The Human Genome Project in 2003 inspired the dream of precision medicine and turned DNA into mainstream conversation. It also gave rise to next-generation DNA sequencing (NGS), one of the most transformative technology platforms in history. Despite the growing clinical utility of sequencing, most people still associate genetic analysis more with ancestry services than with the diagnosis of disease which, in a way, is good news. In our view, the healthcare data that many direct-to-consumer genetic testing companies offer is badly flawed and irresponsibly delivered. Within five years, we believe that consumer genomics firms will lose the healthcare side of their businesses to companies that harness NGS to discern mutations, the earliest manifestations of disease.
For years, geneticists have used a technique called genotyping to surface mutations within DNA. Genotyping arrays are apt at identifying common, well-known genetic variants and linkages to ancestry. They also are cheap and form the backbone of direct-to-consumer (DTC) testing services like 23andMe and AncestryDNA.
Recently, growing consumer demand has prompted DTC firms to add premium genotyping services to gauge the risk of inheriting various diseases. Overwhelmingly, clinicians have panned these DTC health reports.
DTC health tests based on genotyping can detect common genetic variants associated with chronic conditions such as cancer and Alzheimer’s disease. They report only common, well-researched variants because the accuracy of genotyping falls with rarer variants as shown in the first chart below. Because of the dearth of data on rare variants, genotyping algorithms struggle to classify them. Importantly, the medical usefulness of a genetic variant is tied to its rarity, as shown in the second chart below and, while not all rare variants are medically useful, virtually all medically useful variants are rare.
Concern about accuracy explains the FDA’s recent decision to allow DTC firms to report on only three out of more than 1,000 known mutations within BRCA1/2, two genes involved in hereditary breast and ovarian cancer (HBOC). Given such a constrained mutation set, DTC health tests offer little in the way of predictive value. In a 2018 study of more than 100,000 undiagnosed patients with HBOC variants, for example, 88% of the DTC tests would have delivered false negatives.
Issues with testing accuracy also extend to the subset of variants that DTC companies do test. Several studies have exposed false positive rates in the range of 40% to 50% which have led to invasive tests and surgical procedures that have been unnecessary. Some DTC firms combat false positives with secondary tests like NGS to confirm pathogenic variants, but many do not.
Many DTC firms absolve themselves of responsibility by claiming in fine print that a third party must confirm test results. As a result, up to 62% of recipients take their raw, non-quality-controlled data file to analytics engines, such as Promethease, even though clever bioinformatics cannot scrub away the raw data errors produced during the genotyping process. Worse still, consumers are caught in a tug-of-war between the DTC firms and analytics engines, neither of whom claims responsibility for inaccurate data or offers genetic counseling.
These issues do not apply to NGS, a technology platform that combines state of the art advances in biochemistry, optics, and parallel computing in a precise, highly scalable, and cost-effective manner. NGS can detect virtually all variants including novel variants, mutations discovered for the first time. While genotyping is equivalent to reading one word from a novel, whole genome sequencing is like reading the entire book dozens of times, generating enough data to harness AI engines that can optimize the interpretation of genetic variants. In other words, the gap between DTC companies using genotyping and medical-grade companies using NGS is widening: training data refines and improves test accuracy, suggesting that DTC firms are years behind companies fed by NGS.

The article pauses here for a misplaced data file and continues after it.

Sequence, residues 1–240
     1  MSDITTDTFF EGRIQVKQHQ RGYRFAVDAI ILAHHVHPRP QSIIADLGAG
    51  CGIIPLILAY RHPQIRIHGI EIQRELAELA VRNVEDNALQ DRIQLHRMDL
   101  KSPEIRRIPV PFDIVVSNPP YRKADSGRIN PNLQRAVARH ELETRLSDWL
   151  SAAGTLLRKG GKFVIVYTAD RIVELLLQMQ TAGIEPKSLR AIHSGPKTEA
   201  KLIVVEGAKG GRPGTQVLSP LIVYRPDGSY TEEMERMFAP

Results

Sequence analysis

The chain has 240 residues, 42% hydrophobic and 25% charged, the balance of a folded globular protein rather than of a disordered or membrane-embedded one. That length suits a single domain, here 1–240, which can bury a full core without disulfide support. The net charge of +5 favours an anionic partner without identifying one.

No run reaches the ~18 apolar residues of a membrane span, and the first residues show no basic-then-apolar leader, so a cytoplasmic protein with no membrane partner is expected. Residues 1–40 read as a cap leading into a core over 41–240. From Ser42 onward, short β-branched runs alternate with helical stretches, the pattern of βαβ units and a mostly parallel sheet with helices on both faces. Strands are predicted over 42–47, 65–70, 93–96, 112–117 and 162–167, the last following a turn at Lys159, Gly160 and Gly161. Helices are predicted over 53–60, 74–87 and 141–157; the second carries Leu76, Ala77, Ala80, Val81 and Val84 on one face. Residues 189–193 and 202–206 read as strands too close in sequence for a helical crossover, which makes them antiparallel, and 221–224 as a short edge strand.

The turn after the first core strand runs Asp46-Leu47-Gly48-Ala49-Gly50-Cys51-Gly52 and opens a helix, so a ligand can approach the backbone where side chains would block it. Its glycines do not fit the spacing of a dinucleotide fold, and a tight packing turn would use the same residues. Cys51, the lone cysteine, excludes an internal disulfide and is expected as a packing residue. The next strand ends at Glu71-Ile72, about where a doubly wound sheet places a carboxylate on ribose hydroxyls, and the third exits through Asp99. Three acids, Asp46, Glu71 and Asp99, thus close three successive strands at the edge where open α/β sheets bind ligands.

Moreover, the importance of data in genetic testing should increase as the scientific community discovers new genetic mutations. Consumers may have greater utility since their NGS data can be digitally reassessed. Variants of unknown medical significance today could become actionable tomorrow. Already today, NGS-powered companies like Veritas Genetics update and provide genetic counseling to test patients if one of their variants is reclassified. Given the rapid rate at which researchers are discovering new variants, as shown below, enhancing our understanding of the biology of disease, medical-grade genetic testing should increase concomitantly.
When 23andMe began offering genetic tests in 2006, the cost to sequence a whole genome was prohibitively expensive at roughly $10 million, giving the lower cost but unexhaustive genotyping solution an opening to capitalize on the consumer’s intense desire to learn more about individual health and disease. Since then, swift innovation on both the hardware and software sides of NGS have pushed whole human genome sequencing costs down to less than $1,000 and, according to Wright’s Law, should continue to push them down to $100 by 2023. Already today, Veritas Genetics offers whole genome sequencing and variant interpretation for $599.
In our view, NGS is the best solution for genetic testing, given its superior accuracy, cost-effectiveness, and soon—affordability. While DTC ancestry and trait tests could continue to serve as stocking stuffers, NGS based tests are likely to dominate the healthcare market, democratizing accurate genetic testing, and improving patient outcomes dramatically.
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